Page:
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Unformatted text preview: 8 c h a p t e r Control and Management N etwork management is an important part of any network. However attractive a specific technology might be, it can be deployed in a network only if it can be managed and interoperates with existing management systems. The cost of operating and managing a large network is a recurring cost and in many cases dominates the cost of the equipment deployed in the network. As a result, carriers pay a lot of attention to minimizing life cycle costs, as opposed to worrying just about up-front equipment costs. We start with a brief introduction to network management concepts in general and how they apply to managing optical networks. We follow this with a discussion of optical layer services and how the different aspects of the optical network are managed. 8.1 Network Management Functions Classically, network management consists of several functions, all of which are im- portant to the operation of the network: 1. Performance management deals with monitoring and managing the various parameters that measure the performance of the network. Performance man- agement is an essential function that enables a service provider to provide quality-of-service guarantees to their clients and to ensure that clients comply 469 470 Control and Management with the requirements imposed by the service provider. It is also needed to pro- vide input to other network management functions, in particular, fault manage- ment, when anomalous conditions are detected in the network. This function is discussed further in Section 8.5. 2. Fault management is the function responsible for detecting failures when they happen and isolating the failed component. The network also needs to restore traffic that may be disrupted due to the failure, but this is usually considered a separate function and is the subject of Chapter 9. We will study fault management in Section 8.5. 3. Configuration management deals with the set of functions associated with manag- ing orderly changes in a network. The basic function of managing the equipment in the network belongs to this category. This includes tracking the equipment in the network and managing the addition/removal of equipment, including any rerouting of traffic this may involve and the management of software versions on the equipment. Another aspect of configuration management is connection management, which deals with setting up, taking down, and keeping track of connections in a network. This function can be performed by a centralized management system. Alternatively, it can also be performed by a distributed network con- trol entity. Distributed network control becomes necessary when connection setup/take-down events occur very frequently or when the network is very large and complex....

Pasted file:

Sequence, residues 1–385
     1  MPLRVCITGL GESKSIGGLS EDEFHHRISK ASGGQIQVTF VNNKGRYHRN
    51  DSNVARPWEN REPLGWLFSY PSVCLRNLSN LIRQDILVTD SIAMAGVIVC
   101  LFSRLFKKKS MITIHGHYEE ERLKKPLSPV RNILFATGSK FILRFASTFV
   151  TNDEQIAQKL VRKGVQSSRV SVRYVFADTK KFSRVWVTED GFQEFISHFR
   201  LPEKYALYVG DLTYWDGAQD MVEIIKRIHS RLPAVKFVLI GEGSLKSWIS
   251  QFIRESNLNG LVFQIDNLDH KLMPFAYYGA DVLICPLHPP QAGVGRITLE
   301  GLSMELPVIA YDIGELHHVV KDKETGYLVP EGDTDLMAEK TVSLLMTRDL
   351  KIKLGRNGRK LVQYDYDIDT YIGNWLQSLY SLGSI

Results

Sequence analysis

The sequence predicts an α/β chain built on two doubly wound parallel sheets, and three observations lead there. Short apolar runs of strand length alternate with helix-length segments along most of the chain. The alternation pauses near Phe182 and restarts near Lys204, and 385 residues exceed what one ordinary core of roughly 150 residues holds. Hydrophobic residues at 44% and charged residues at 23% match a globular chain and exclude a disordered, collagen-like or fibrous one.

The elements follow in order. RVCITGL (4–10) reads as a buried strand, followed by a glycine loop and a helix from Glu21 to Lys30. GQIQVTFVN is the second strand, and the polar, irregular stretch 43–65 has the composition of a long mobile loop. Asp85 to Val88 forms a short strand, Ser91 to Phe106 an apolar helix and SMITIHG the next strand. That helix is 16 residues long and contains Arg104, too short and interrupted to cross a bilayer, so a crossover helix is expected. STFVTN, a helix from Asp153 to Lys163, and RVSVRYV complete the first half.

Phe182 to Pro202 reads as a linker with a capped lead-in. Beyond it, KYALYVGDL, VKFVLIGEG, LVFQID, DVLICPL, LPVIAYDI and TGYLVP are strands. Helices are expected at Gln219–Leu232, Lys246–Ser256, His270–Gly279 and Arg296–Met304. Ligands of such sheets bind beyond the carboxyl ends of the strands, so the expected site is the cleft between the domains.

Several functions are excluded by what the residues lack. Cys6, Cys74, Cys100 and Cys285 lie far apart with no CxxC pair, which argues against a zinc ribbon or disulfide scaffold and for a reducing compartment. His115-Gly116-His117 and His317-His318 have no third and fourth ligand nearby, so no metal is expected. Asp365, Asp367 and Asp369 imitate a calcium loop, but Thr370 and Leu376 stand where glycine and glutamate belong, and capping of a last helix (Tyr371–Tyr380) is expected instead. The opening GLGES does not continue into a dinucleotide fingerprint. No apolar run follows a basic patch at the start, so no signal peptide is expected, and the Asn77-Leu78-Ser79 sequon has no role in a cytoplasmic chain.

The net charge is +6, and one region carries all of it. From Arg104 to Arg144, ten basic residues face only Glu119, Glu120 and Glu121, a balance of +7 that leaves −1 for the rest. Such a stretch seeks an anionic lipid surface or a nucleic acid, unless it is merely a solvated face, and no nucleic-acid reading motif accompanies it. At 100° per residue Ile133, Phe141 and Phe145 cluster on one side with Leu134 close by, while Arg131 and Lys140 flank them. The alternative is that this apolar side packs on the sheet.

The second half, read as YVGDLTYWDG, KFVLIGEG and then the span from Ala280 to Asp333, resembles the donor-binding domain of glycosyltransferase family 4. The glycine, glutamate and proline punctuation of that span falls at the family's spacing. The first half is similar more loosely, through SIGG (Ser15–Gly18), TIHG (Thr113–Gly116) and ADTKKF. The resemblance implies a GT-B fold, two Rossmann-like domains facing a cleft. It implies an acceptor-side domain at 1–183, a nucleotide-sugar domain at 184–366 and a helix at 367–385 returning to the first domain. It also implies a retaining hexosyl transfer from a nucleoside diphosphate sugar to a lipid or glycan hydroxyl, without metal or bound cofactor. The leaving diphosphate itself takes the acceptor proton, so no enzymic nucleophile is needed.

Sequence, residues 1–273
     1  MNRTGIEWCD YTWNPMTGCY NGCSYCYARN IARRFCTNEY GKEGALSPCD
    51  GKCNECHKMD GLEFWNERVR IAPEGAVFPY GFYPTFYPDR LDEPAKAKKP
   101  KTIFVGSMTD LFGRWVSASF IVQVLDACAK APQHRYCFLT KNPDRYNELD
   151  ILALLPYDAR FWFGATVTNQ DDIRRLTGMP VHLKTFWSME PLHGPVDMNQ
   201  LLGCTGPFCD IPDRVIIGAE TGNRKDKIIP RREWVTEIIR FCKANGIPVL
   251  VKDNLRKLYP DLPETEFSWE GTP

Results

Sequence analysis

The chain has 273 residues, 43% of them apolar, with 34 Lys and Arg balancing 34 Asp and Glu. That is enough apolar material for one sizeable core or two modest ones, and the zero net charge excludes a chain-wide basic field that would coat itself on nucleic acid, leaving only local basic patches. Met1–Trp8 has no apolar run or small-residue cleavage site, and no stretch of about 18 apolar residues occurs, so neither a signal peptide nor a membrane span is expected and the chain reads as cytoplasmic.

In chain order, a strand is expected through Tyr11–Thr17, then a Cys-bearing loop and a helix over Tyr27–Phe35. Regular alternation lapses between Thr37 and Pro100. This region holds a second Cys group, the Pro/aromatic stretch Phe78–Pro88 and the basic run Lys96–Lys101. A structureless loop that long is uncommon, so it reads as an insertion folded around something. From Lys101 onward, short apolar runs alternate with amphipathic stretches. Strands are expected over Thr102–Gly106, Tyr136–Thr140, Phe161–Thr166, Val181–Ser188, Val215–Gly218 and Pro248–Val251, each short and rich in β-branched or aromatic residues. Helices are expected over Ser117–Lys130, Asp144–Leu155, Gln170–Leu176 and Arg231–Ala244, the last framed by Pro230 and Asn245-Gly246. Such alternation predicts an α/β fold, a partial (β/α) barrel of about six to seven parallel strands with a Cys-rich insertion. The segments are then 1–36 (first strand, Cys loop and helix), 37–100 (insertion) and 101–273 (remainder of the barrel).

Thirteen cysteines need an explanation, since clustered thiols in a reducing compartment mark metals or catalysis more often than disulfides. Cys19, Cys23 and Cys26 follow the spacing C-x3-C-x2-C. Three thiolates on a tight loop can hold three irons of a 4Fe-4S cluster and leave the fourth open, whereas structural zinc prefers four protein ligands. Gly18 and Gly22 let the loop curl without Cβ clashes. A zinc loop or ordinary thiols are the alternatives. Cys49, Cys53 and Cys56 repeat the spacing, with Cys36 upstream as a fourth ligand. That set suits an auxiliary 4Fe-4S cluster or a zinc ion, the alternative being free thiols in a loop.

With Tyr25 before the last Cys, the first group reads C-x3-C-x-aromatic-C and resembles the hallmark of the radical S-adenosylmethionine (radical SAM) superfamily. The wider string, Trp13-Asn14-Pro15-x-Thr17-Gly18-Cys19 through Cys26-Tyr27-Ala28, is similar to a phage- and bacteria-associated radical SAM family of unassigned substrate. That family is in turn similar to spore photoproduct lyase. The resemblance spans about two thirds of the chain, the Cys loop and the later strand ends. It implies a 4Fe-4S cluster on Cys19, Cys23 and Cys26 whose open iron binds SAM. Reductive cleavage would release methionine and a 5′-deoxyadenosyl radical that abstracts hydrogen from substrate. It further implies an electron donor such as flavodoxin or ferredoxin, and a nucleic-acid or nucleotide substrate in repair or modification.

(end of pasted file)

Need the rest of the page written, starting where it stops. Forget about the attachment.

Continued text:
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This note was uploaded on 01/15/2011 for the course ECE 6543 taught by Professor Boussert during the Spring '09 term at Georgia Institute of Technology.
- Spring '09